It is complete. I am now 100% Vista-free. Let me tell you, it feels good.
Windows 7 seems lighter, faster and cleaner. It has breathed new life into my aging computers.
Microsoft has done a good job of simply refining Vista. At first, I was disappointed that Windows 7 is so much like Vista. After upgrading 2 computers and working with the operating system, I am glad Microsoft didn’t start from scratch.
As an early adopter of Vista, I dealt with software and hardware compatibility issues. This was frustrating and costly as many programs and peripherals had to be replaced.
Fortunately, everything that worked on my Vista computers is compatible on Windows 7.
The learning curve is not nearly as steep, as well. When adopting Vista, there was a noticeable decrease in productivity as I learned how to do things the “Vista way”.
After completing the installation of Windows 7, I jumped right in. Nothing slowing me down. Only new features to learn over time.
I have suffered through upgrading every version of Windows since Windows 3.11 in 1994. Never has a Windows upgrade been so simple.
Upgrading from Vista to Windows 7 is a breeze. Launch the disc, follow the prompts and you are up and running. The installation can be time consuming (4-5 hours for each of my computers), but the process is very straight forward and simple enough to complete.
If you are upgrading from XP and switching from 32-bit Vista to 64-bit Vista, the process is a bit more complex. You will need to wipe your hard drive clean and start from scratch. This is a very long process as you have to reinstall on programs and device drivers. This may be a task best suited for a professional.
The installation is simple, but there are a few tips that will make for a smooth upgrade.
- Run the Windows 7 Upgrade Advisor to identify if any of programs or hardware isn’t Windows 7 compatible. Address any issues it uncovers.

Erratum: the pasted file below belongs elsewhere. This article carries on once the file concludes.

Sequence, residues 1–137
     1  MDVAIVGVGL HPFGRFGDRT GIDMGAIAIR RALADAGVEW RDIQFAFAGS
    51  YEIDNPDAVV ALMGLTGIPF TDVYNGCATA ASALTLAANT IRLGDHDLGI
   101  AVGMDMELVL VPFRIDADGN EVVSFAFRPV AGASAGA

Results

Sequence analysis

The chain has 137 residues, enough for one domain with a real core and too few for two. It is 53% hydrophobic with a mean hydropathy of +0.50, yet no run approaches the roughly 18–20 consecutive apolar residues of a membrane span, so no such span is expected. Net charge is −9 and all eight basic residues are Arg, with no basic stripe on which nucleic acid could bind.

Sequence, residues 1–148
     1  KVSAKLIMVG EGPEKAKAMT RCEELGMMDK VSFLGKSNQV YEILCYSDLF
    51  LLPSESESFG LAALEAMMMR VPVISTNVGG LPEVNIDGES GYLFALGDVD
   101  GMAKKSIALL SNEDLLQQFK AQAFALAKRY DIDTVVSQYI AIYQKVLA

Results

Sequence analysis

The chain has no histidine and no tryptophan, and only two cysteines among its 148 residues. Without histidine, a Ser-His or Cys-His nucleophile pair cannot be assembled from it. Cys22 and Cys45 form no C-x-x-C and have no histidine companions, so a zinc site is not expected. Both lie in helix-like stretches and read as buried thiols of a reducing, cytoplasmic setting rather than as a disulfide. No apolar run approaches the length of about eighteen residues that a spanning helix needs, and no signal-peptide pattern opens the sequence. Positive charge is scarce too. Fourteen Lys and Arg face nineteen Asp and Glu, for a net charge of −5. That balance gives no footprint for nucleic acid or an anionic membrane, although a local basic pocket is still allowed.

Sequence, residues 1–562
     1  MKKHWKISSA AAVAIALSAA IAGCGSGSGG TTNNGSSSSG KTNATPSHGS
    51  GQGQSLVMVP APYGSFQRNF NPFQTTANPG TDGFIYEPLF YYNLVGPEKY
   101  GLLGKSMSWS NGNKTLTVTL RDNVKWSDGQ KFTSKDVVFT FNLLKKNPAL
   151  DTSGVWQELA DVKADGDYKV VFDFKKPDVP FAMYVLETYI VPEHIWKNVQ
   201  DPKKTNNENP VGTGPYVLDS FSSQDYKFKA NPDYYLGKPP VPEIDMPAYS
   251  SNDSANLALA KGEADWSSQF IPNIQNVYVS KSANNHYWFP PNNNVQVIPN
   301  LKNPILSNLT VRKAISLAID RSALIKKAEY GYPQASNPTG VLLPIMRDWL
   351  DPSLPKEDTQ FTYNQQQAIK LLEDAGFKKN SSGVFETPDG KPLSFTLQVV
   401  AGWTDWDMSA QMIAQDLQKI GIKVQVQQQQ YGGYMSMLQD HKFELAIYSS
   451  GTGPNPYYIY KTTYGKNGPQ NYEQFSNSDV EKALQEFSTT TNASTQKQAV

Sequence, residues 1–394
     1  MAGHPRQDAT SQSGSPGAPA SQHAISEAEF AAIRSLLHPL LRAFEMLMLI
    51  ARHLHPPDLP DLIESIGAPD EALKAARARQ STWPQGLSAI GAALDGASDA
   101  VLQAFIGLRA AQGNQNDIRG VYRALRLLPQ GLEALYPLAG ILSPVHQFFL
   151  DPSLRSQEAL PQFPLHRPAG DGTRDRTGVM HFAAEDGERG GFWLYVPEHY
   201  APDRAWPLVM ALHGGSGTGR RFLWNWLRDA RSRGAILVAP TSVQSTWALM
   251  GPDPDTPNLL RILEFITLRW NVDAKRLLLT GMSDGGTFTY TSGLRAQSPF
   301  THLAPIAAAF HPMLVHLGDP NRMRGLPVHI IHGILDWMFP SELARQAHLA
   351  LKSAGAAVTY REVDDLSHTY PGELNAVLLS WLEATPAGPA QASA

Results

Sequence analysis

- Back up your data twice in 2 different locations. The Vista to 7 upgrade shouldn’t cause data loss, but better-safe-than-sorry.
- Unplug all peripherals over than your keyboard and mouse. You can plug those webcams other USB devices after the installation is complete.
- Temporarily disable your anti-virus program.
- De-authorize your computer from within iTunes. You can authorize it again after installing Windows 7.
- During the initial installation procedure, another Windows 7 compatibility test will happen. This one is more detailed than the Windows 7 Upgrade Advisor. If any issues are listed, quit the installation process, address the issues and start the upgrade again. This usually means removing a program or two.
After the Installation
Once Windows 7 is installed, there are a few activities to perform to ensure that your computer is running at its best.
- Run Windows Update to get any patches or updated drivers.
- Check for hardware driver updates on the manufacturer’s website. Many Windows 7 drivers are already available. If Windows 7 specific drivers aren’t out, the most up-to-date Vista drivers should work.
- Check for software updates. Depending on the program, updates can be found either from within the program or on the manufacturer’s website.
- Go to Microsoft’s website to download free add-ons like the Windows Live Movie Maker or desktop themes.
Overall, Windows 7 is a huge improvement over Vista. Any real estate agent running Vista shouldn’t even hesitate to purchase an upgrade disc. This technology is that good.
Those still working on 2001’s Windows XP, now might be the right time to invest in a new computer.
Check back for a more in-depth look at the best new features of Windows 7 and how they will benefit your real estate business.